Some might say Riley's dad has been too hard on her. I must admit I've considered that myself. But those things are always very difficult to judge for outsiders. The dynamic between talented child and encouraging parent is always a tightrope that even the best of parents fall off from time to time. That Riley credits her father so much tells you of her gratitude.

And whatever you think of Riley, at least consider this image of what she thinks of herself as a player.

"I do always go back to the basics, the fundamentals, that I did all the time when I was growing up," she said. "I still think about that every day. I used to pray to be a little bigger, but around sixth grade, I accepted my size. My dad told me, 'Because you're small, you have to work harder than everybody else.' I have to have a different kind of mindset.

"He knew how to motivate me: 'You can't do it because you're too little.' That would burn me up and make me so fiery. It's why I'm so competitive."

Stage set for Big 12 semifinals

March, 13, 2010
03/13/10
1:00
AM ET

KANSAS CITY, Mo. -- Quarterfinal day at the Big 12 tournament started with the road to perfection continued, and ended with the road to redemption established. In between, Texas lost the ball a lot, and Oklahoma State's Andrea Riley shot it a lot.

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Andrea Riley
AP Photo/Denny MedleyOklahoma State's Andrea Riley set two Big 12 tournament marks Friday: a single-game record 43 points on a tourney-record 44 field goal attempts.

Now we get this: Nebraska, which improved to 30-0 after beating Kansas State 63-46, trying to move to its first Big 12 tournament final and … Bedlam No. 3, as Oklahoma and Oklahoma State face off in the other semifinal.

The Huskers will meet Texas A&M, which forced 26 Texas turnovers in beating the Longhorns 77-64. Oklahoma State then pulled the day's upset, as the No. 7 seed Cowgirls topped No. 2 Iowa State 62-59 behind Riley's 43 points, a Big 12 tournament single-game record.

Riley took a Big 12-record 44 shots from the field -- she'd had the record previously with 42 earlier this season -- and made 16 of them. With her first basket, she became the conference's all-time leading scorer, surpassing Oklahoma's Courtney Paris.

Riley now has 2,772 career points, and said coach Kurt Budke told her if she had to shoot it 50 times on Friday, he was fine with that.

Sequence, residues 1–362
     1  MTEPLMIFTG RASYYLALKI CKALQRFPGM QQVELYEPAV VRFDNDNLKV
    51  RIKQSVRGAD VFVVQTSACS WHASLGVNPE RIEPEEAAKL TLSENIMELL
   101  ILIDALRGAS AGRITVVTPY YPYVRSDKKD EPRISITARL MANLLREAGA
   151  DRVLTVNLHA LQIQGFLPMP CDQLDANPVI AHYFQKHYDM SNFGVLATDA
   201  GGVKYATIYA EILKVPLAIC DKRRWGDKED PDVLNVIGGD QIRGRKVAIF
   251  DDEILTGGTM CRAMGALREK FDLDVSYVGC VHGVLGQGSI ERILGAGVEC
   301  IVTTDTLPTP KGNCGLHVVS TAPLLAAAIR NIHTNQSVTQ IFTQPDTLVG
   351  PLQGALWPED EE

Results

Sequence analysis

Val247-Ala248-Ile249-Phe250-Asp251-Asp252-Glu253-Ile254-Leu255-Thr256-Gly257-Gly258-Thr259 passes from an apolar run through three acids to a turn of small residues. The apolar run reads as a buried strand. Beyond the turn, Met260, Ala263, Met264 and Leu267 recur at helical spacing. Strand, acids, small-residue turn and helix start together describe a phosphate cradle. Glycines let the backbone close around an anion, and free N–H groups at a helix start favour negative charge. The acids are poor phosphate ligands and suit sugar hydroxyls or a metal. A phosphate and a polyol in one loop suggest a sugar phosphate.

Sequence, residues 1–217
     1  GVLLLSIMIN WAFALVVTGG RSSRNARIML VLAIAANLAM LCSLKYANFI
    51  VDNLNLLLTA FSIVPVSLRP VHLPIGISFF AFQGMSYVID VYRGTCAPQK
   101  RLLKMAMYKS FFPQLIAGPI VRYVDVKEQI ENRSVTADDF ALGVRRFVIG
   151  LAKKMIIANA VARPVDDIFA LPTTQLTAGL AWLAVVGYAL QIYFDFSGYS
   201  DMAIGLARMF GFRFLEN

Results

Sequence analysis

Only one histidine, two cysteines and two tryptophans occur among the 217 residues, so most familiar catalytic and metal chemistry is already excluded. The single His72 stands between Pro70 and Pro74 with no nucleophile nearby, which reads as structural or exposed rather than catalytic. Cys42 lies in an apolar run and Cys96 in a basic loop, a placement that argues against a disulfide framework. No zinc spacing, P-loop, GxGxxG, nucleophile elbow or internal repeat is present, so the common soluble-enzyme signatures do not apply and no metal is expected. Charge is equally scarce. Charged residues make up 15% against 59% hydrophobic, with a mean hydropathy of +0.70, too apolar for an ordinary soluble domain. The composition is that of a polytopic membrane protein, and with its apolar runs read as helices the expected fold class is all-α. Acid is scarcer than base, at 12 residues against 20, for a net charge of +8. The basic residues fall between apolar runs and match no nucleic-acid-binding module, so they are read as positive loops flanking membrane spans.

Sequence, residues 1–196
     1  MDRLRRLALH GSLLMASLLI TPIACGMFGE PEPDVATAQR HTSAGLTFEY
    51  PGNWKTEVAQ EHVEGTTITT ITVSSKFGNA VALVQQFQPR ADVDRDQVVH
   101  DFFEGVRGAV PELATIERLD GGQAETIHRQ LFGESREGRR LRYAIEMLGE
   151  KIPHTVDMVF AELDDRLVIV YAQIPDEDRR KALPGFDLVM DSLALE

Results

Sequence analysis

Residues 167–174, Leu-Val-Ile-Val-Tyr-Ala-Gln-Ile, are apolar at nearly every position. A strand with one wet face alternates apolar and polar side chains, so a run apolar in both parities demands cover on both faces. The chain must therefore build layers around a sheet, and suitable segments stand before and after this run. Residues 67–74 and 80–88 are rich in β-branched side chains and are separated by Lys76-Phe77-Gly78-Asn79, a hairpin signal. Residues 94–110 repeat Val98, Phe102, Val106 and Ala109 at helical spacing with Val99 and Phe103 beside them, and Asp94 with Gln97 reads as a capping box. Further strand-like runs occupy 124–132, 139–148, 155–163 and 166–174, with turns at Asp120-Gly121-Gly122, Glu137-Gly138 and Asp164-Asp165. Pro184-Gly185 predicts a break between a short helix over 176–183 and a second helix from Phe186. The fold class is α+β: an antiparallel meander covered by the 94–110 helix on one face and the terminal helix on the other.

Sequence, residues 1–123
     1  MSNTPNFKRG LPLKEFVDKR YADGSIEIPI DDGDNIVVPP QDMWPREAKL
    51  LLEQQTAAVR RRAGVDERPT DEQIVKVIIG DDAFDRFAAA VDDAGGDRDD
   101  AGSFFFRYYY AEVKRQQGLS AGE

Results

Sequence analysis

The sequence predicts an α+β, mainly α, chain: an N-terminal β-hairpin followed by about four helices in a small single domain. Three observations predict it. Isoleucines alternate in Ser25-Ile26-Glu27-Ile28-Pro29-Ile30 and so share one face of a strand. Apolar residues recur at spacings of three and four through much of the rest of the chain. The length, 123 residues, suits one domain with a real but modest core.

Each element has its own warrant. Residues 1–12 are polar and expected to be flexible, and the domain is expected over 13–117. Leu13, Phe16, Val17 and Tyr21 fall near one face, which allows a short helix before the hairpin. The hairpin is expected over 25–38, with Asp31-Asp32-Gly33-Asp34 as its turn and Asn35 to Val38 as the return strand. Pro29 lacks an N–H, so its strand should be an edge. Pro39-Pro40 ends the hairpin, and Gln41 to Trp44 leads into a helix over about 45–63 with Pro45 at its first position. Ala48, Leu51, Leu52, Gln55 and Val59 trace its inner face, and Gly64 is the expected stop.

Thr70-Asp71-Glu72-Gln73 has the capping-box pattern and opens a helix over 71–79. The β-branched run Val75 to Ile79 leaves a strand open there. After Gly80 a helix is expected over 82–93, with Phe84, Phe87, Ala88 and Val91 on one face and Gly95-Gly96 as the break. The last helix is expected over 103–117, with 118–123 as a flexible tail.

"And I got close!" Riley said, laughing. (Budke confirmed he did, indeed, tell her to basically shoot until the game ended or her arm fell off, whichever came first.)

Then the highlight of Friday at Municipal Auditorium was the last game, in which Baylor freshman Brittney Griner returned after a two-game suspension and did the same thing to No. 12 Oklahoma that she had during two regular-season meetings: made it very difficult for the Sooners to get much inside.

Griner blocked 10 shots -- she had 11 blocks in both other matchups with the Sooners -- and had 13 points and six rebounds in 40 minutes. Plus, No. 18 Baylor's "glue" player, Melissa Jones, who has been battling a stress reaction in her leg and hadn't played since Jan. 31, returned for 17 minutes of action.

It wasn't enough, though, on a night when Oklahoma had just seven turnovers, none by point guard Danielle Robinson. It was the fourth meeting between Oklahoma and Baylor in Big 12 tournament history, and the Sooners have won all four.

This one went down to the wire, 59-54, and afterward OU coach Sherri Coale said Griner coming off the suspension, "Looked exactly the same to me."

Griner said she felt with her first blocked shot, "I was back in the groove. I missed being out there with my team. It felt good to be back and playing with everybody."

But Baylor coach Kim Mulkey voiced what seemed pretty obvious to most observers, "I thought she was tentative. She probably wasn't as much of a presence in the paint as she had been."

That would be understandable with Griner facing the degree of public scrutiny she has since punching a Texas Tech player March 3.

Griner said she wasn't nervous before the game and didn't really hear the smattering of boos that came from the crowd when she was announced. However, Mulkey noticed and said, "I was disappointed. It's a teenager that made a mistake. She's good for the women's game, and she's human."